Jennifer shares music and math with at-risk teens
retired math teacher is far from retiring
Retired math teacher Jennifer Calvert has an infectiously happy demeanor. While the average adult laughs just seventeen times a day, Jennifer easily gets that many laughs in before lunch.
Her zeal includes a total enthusiasm for math. She truly loves the subject.
That's why when she moved from Iowa to Spokane twenty years ago she wanted to keep her math skills fresh while waiting for a new job in the classroom. As she looked for a place to volunteer as a math tutor, Crosswalk teen shelter spoke to her.
“The underdog has always been a part of my heart,” says Jennifer. “I relate to those who lack resources, whose backs are up against the wall.”
Maybe that's because she saw how her daughter—who was a teen mom like a number of the students at Crosswalk—struggled so hard to get her high school diploma and find stable housing of her own before being tragically killed in a car accident at the age of 21.
Just speaking of her daughter still brings tears to Jennifer's eyes. But she is quick to point out that this tough experience helps her relate to teen moms who are going through similar things her daughter did.
“It can be hard to relate to teenagers sometimes. But after years and years of teaching I've learned that teenagers, even troubled teenagers, are just people.”
Jennifer's first few days volunteering at Crosswalk teen shelter twenty years ago were challenging.
Things didn't go how she planned. She was her usual friendly, empathetic self. But the teens at the shelter were skeptical.
“The kids didn't warm up easily. I couldn't get to that comfortable place with them,” says Jennifer. Despite her efforts things moved slowly and before she knew it she had a job teaching math, which meant she had to give up her volunteering.
But her heart didn't leave Crosswalk. Though she was short on time, she realized that she had other resources she could share.
One day she glanced at a piano she had bought on a whim to take up lessons and realized she wasn't using it anymore. She donated the piano to Crosswalk where it is now played every single day. She also stayed connected through regular financial contributions over the years.
Jennifer retired from teaching high school math in 2009 after 28 years. But she loved math, found it fun, and “was not ready to quit having fun yet.” So she came back to us one more time and filed an application to tutor math.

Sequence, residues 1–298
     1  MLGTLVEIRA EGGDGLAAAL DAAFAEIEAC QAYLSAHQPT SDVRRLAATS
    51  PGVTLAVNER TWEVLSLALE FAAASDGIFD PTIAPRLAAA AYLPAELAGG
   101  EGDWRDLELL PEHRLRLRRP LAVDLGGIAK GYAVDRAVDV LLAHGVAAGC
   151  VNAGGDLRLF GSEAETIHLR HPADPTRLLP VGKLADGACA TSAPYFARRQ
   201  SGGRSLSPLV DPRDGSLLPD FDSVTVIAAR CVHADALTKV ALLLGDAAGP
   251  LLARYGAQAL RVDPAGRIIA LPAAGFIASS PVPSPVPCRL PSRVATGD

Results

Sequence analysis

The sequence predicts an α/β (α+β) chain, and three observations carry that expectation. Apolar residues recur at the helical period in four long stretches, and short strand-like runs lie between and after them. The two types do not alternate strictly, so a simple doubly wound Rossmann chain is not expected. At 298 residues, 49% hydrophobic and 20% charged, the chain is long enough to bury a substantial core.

“I am fortunate to be in this position in my life—even if it took till I was 65—to have the time and resources to volunteer like this,” says Jennifer. She encourages anybody in a similar position to do the same.
At the time she submitted her application, the greatest need for tutors was with our foster youth programs.
“I thought Jennifer would be perfect for helping out with the foster youth programs in the offices upstairs from Crosswalk,” says Volunteer Coordinator Shaun Antrim. “So I told her about SETuP, which provides all kinds of support to help foster youth go to college and succeed when they get there.”
She jumped at the chance to help foster kids.
“I think foster youth are done a tremendous disservice when they reach 18,” says Jennifer. “It's when they need resources the most and instead all their resources are cut. When a kid is trying to graduate high school or get their GED or attend community college, I get that math can often times be the thing that hangs them up.”
"They have this narrow hole to get through in order to get on with the rest of their whole lives. It's great to know that's an area where I can help."
She remembers her first day volunteering as a math tutor. As she sat, waiting for a student, at a conference table in an open area surrounded by offices, she could hear snippets of conversations as the staff and case managers worked with foster youth.
"My first impression was that I was surrounded by people who really care," recalls Jennifer. "It made me feel so good to be a part of that."
Jennifer is currently tutoring three foster youth—one high school student and two in community college. She meets with each youth about once a week for an hour or more—depending on the difficulty of the math. Despite her busy schedule (Jennifer substitute teaches two or three times a week and tutors math at St. Margaret's Shelter as well) she always stays as long as it takes for the student to understand.
Jennifer thrives on the one-on-one interaction she gets with tutoring. Sometimes she is so enthusiastic about the subject that the excitement rubs off onto the person she is tutoring.